The Turkish government is shaken by allegations by a gangster


S.EDAT PEKER, the man who has been at the center of one of Turkey’s biggest political scandals for many years, is making an unlikely YouTube celebrity. He’s blurring his words, possibly due to too many botox injections, wearing an unbuttoned shirt, and sitting behind a desk adorned with prayer beads, pages of notes, and an empty lantern. Last month, Mr Peker, a convicted gangster, taped millions of Turks on their screens while settling points with President Recep Tayyip Erdogan‘s government.

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His allegations, which are not proven, are explosive. In a series of videos, Mr Peker has accused the son of Mr Erdogan’s former prime minister of drug trafficking and a ruling party MP involvement in the death of a young woman. He claims to have beaten another politician for insulting the president and advocates attacking the offices of one of the country’s largest newspapers. He also claims that the country’s interior minister, Suleyman Soylu, offered him police protection.

The seven videos have been viewed at least 55 million times. Others seem to be on the way. Opposition politicians and even some members of the ruling judiciary and development (AK) Party asked for a request. What the allegations show, said Kemal Kilicdaroglu, the leader of the main opposition party, is that the mafia has become the government’s coalition partner. “If even a thousandth of these claims are true, it is a disaster,” said Cemil Cicek, a AK Heavyweight.

Meanwhile, Mr Soylu denies the allegations. He has turned down calls for his resignation, demanded that Mr. Peker be charged with defamation, and dared him to return home. He also called the allegations part of an “international operation” and accused America and the United Arab Emirates (UAE) to try to overthrow the Turkish government. It is believed that Mr. Peker, who fled Turkey two years ago, lives in Turkey UAE.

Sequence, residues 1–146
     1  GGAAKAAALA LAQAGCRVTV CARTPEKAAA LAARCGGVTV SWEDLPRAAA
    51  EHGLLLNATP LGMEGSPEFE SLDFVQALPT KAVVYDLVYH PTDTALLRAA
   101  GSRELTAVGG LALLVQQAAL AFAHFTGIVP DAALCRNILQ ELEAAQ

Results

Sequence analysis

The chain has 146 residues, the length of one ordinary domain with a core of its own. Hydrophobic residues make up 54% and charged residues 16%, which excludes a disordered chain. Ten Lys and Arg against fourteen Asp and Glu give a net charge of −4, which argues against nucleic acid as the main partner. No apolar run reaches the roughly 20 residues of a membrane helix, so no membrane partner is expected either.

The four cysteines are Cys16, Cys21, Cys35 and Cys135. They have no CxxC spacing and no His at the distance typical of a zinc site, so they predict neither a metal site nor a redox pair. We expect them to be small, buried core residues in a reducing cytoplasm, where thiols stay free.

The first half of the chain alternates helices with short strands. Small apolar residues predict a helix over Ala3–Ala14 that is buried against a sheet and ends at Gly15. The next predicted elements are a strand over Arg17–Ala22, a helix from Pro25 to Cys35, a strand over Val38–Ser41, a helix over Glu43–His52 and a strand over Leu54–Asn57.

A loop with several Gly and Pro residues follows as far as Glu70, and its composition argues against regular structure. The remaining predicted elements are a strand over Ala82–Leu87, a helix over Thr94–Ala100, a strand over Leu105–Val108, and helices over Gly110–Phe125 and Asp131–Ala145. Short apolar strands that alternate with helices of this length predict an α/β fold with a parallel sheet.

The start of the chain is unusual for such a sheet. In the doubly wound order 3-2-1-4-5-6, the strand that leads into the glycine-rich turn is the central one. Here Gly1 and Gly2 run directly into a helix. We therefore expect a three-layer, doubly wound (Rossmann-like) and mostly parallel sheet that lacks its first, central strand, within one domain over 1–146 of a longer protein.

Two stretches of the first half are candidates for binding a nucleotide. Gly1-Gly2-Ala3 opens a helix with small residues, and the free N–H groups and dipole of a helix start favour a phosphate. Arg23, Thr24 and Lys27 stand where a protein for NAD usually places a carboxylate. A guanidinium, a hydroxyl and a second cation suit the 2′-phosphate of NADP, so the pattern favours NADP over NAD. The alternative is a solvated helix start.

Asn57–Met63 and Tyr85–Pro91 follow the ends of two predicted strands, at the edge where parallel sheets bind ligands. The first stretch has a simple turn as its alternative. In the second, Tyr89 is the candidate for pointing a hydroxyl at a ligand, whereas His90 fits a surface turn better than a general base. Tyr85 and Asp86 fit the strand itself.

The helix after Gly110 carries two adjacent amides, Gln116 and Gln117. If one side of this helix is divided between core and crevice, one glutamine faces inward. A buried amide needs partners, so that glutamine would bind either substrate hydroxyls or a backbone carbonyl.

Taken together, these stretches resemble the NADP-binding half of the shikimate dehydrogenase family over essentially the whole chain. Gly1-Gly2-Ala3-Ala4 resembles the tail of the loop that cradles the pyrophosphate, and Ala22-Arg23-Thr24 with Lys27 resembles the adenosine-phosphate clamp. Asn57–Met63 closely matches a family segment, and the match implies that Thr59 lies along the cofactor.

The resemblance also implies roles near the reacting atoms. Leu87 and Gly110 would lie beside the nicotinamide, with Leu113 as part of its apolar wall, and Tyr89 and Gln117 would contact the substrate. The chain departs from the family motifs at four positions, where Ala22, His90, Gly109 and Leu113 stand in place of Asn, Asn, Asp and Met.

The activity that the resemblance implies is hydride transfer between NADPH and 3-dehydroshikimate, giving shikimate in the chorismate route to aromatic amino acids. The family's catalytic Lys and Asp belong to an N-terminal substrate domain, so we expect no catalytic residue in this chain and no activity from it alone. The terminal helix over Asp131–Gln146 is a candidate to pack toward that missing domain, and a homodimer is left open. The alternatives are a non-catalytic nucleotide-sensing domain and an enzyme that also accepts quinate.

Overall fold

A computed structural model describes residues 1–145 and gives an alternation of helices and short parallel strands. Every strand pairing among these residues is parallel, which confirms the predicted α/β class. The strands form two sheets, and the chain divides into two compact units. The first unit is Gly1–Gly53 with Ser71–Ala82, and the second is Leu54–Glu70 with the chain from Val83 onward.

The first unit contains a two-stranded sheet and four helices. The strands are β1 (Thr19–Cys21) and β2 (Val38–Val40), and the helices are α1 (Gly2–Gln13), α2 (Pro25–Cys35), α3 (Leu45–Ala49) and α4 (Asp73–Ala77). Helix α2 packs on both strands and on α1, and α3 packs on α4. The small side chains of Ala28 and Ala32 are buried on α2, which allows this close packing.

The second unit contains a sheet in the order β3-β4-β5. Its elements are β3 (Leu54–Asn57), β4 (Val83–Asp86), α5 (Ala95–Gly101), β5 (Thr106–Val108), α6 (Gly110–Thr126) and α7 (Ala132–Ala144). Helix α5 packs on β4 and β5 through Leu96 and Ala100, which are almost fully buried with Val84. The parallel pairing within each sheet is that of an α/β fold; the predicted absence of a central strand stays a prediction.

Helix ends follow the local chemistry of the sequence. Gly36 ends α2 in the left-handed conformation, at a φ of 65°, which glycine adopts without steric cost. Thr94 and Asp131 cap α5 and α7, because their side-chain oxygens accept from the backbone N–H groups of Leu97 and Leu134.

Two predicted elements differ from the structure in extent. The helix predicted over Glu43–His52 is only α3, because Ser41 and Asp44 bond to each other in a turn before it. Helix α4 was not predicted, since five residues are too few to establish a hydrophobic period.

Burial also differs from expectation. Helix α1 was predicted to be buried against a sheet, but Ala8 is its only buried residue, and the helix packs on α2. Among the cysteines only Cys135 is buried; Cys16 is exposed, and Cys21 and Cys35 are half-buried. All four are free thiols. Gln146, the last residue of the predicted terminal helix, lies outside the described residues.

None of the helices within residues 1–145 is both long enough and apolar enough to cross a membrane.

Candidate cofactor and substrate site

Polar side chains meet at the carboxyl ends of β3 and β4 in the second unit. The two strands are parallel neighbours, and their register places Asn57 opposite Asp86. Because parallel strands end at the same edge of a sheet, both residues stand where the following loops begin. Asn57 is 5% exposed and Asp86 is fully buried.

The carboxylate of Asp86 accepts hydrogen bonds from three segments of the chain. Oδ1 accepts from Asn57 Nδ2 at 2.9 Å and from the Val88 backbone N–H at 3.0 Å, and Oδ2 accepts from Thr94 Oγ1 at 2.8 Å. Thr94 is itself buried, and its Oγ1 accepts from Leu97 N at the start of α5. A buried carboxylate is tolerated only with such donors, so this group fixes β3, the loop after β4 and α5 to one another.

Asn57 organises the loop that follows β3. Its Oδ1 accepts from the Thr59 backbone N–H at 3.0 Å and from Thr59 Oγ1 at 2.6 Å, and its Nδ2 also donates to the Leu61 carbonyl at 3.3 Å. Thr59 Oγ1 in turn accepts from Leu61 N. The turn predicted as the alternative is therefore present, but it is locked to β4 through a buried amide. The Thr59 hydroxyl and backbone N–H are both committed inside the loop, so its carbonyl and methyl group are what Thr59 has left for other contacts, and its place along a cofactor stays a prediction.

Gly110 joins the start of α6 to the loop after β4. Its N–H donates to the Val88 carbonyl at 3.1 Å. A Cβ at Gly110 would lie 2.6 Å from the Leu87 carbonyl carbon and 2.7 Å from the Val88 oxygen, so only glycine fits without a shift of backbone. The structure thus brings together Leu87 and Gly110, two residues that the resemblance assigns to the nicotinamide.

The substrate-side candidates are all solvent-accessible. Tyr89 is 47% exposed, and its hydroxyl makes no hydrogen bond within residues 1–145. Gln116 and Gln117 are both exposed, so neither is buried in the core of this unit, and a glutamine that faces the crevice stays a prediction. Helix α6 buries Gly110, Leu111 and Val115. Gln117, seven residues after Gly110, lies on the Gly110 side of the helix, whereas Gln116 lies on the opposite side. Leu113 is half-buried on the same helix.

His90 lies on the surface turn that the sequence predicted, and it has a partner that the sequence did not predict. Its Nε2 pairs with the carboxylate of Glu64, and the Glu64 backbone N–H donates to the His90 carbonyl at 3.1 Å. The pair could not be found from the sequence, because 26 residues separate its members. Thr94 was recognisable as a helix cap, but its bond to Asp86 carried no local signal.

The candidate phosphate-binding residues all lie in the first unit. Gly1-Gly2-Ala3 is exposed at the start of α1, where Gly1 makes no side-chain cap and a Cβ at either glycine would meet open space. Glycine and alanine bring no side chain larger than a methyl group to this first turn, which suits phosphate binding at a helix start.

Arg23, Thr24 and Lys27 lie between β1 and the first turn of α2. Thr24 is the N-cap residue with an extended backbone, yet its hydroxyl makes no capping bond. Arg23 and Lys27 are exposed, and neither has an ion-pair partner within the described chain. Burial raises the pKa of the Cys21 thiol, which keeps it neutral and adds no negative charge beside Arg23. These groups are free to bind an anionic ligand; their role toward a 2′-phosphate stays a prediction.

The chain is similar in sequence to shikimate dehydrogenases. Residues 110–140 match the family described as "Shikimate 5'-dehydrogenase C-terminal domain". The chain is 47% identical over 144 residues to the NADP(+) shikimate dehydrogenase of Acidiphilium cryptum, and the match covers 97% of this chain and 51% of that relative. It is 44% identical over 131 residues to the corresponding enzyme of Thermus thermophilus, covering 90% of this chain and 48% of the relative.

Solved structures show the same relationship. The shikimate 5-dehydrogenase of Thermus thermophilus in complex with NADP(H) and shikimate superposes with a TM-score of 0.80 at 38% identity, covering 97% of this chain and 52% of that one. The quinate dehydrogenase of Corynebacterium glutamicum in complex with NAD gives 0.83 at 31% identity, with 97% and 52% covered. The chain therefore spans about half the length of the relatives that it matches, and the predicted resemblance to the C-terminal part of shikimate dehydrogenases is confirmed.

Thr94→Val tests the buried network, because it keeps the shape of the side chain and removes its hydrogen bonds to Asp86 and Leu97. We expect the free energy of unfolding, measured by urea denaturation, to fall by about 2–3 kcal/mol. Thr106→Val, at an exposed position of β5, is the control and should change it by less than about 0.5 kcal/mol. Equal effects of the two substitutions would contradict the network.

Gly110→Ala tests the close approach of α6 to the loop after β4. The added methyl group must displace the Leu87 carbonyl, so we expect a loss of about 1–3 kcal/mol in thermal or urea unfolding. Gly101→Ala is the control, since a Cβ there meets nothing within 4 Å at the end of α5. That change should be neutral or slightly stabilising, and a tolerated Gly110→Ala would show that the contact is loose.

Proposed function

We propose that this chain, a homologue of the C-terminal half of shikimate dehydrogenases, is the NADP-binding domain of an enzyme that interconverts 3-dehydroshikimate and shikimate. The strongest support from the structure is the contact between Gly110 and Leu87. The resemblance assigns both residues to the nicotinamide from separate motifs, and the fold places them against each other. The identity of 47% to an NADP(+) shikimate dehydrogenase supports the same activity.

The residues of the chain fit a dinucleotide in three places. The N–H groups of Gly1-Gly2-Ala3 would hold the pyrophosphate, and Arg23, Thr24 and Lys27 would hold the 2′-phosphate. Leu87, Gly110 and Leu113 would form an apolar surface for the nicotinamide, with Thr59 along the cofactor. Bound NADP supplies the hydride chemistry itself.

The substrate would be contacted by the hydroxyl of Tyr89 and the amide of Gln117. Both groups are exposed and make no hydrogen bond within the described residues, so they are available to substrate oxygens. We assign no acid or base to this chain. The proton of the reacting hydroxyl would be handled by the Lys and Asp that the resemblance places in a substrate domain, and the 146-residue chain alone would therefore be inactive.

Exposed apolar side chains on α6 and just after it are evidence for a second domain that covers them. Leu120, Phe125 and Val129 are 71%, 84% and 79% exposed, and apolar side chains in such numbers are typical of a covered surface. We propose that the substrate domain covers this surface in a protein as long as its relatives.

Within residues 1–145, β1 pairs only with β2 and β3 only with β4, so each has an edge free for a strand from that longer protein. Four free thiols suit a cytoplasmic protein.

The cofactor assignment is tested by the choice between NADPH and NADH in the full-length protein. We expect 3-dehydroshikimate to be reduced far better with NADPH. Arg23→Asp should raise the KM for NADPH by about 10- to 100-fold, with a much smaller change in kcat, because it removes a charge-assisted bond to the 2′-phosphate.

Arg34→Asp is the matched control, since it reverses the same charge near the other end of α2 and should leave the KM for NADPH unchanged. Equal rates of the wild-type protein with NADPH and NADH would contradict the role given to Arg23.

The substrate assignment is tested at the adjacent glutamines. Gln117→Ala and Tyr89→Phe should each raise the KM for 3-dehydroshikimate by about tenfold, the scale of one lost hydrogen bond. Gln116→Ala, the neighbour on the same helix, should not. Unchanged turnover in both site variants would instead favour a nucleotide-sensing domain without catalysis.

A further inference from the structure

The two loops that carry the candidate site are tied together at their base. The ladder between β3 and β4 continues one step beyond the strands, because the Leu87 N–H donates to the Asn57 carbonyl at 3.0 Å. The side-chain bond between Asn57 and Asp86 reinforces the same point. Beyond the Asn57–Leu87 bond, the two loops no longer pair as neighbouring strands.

Mr Soylu did not help his cause. Late on May 24th, a crowd of supporters swarmed around the minister in front of a television station, breaking the curfew that Mr Soylu personally signed. He thanked them warmly.

The scandal has revived memories of the 1990s when the state regularly partnered with criminal groups to pursue opponents, from journalists to Kurdish leaders. Scores were killed. Some of the unsavory characters of that era have now resurfaced, thanks in part to an amnesty last year.

Until recently, Mr. Peker had been in good hands with the government. The gangster, who has served time for leading a crime syndicate, extortion and kidnapping, met Mr. Erdogan at least once, organized rallies in his support and was named Turkey‘s “most benevolent businessman”. When a group of academics wrote a letter criticizing a government offensive against Kurdish insurgents, Mr. Peker swore to “shower in their blood”. He fell from grace when Mr Erdogan’s son-in-law turned against him.

The videos are also embarrassing for the Turkish media and judiciary, which no longer dare to deal with high-level corruption or investigate top officials, let alone members of Mr Erdogan’s family. A reporter for the Turkish state news agency, who asked a minister a specific question about Mr. Peker’s allegations, lost his job the next day. The biggest corruption scandal in the Erdogan era was largely the work of bureaucrats loyal to a religious sect digging up evidence of bribery and money laundering by ministers. Today the task of holding those in power to account seems to have fallen to a mafioso. â– 

This article appeared in the Europe section of the print edition under the heading “The Untouchables”.


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